My good friends the Rankin’s called into the office to discuss a piece of furniture and having finalised the design requirements, plus me having slipped a chair in to the equation, they invited me to join them for lunch. The idea was to test the newly opened Newry Bypass and get to Fitzpatrick’s Restaurant in record time. This of course did not take into account the erroneous reporting that the last section of the bypass had opened at eleven o’clock! It hadn’t! Looking across to the northbound carriageway it seemed that this had been opened at about 13.03.
On previous trips down the Carlingford road I do not recall getting past the Ballymascanlon Hotel so was amazed to be introduced to the Irish answer to the “Traditional Irish Pub” a couple of kilometres further down the road.
Arriving in the car park at first glance Fitzpatrick’s appears as the picture book example of the rural farmhouse style building with whitewashed walls and slate roof. The adjoining courtyard boasts a plethora of flowers growing in pots which are set in anything from bicycle baskets to a van engine compartment. Of course there is also the regulation horse and donkey in the adjacent paddock. I actually thought that the donkey was a cast model until it brayed!
Once one enters it appears as the Irish answer to the ubiquitous “Irish Bar”, at least one of which is to be found in every major city round the world. Every available inch of wall, cill and beam sports period adverts, pictures and artefacts.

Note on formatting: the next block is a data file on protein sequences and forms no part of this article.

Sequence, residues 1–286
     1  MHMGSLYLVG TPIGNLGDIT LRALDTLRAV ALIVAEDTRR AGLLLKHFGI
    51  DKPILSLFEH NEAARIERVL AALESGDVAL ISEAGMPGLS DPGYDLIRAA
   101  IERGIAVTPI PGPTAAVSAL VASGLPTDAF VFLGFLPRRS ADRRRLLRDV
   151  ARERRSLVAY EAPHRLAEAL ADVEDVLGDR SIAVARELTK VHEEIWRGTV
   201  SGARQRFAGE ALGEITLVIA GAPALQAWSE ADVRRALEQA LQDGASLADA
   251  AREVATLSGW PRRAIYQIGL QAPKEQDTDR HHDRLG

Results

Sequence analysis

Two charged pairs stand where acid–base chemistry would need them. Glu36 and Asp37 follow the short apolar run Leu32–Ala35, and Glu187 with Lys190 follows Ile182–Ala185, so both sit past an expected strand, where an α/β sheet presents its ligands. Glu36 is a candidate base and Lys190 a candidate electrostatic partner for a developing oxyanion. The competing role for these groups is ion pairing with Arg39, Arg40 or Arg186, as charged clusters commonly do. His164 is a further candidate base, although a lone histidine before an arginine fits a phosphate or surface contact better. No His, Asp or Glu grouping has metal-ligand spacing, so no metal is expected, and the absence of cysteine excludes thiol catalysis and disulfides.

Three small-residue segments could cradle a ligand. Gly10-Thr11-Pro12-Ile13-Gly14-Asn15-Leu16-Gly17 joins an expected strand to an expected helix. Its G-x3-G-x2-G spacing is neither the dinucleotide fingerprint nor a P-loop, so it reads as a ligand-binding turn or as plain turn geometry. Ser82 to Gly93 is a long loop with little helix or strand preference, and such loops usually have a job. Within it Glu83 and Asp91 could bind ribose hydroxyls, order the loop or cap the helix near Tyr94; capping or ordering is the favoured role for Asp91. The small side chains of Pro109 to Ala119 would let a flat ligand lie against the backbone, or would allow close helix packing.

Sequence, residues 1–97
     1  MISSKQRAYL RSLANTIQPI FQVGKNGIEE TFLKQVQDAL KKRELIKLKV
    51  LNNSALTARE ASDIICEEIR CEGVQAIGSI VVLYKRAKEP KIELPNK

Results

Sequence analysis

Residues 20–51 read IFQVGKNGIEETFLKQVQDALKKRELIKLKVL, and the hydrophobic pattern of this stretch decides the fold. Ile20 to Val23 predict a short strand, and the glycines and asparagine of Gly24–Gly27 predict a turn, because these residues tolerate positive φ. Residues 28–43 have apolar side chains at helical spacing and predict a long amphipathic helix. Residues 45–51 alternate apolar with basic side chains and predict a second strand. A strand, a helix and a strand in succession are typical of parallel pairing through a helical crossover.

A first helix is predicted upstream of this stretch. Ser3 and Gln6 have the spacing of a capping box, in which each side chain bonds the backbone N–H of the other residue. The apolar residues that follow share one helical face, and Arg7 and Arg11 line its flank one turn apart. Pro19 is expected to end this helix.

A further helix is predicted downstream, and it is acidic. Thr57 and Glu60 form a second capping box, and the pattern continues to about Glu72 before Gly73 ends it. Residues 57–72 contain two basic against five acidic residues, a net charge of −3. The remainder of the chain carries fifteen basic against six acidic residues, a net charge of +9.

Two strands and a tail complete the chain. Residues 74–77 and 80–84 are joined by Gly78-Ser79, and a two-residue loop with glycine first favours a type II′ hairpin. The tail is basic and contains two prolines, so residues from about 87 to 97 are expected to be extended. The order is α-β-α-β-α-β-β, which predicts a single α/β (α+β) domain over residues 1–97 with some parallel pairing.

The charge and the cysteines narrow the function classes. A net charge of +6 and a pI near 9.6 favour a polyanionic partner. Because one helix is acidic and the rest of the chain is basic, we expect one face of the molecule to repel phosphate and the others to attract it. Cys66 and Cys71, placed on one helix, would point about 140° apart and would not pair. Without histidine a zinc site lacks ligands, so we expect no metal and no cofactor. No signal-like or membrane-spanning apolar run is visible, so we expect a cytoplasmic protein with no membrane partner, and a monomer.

The amazing thing is that it works without ever seeming to be “over the top”.
We were taken to our table by a young lady who was certainly not indigenous but who was definitely very well trained. She took our drinks order and provided us with menus. At first glance it occurred to me that anyone who can include “Almost famous French Onion Soup” and “Now Famous Chicken Wings” as offerings is certainly worth a try.
Helen and I picked the Whole Baked Sea Trout on seared courgettes with Hollandaise sauce, with chips on the side, from the “day’s specials” menu whilst Trevor went for the sausages with champ and onion gravy.
The fish was cooked to perfection, just firm, and the chips were golden crisp; how do they do that? The courgettes were melt in the mouth and the Hollandaise sauce complemented it all perfectly. Not only that but there was a serving of vegetables as well: cauliflower, broccoli, mange tout, carrots and green beans. All of which managed to be cooked “just so”.
Trevor report his sausage ring to be excellent and the same for the champ and gravy.
We finished up with a couple of standard coffees.
The Gents loo is also worth a mention as it resembles a Victorian apothecary’s. Beware the hand dryers which are designed to remove the skin along with the water!
We returned to Belfast via the now opened Newry Bypass. Unfortunately no-one was offering gifts for being one of the first 1000 cars.
Having said this there were lots of police out with little books and those flashy black things they are so fond of pointing at people.
No doubt we will revisit this excellent hostlery at some point in the not too distant future.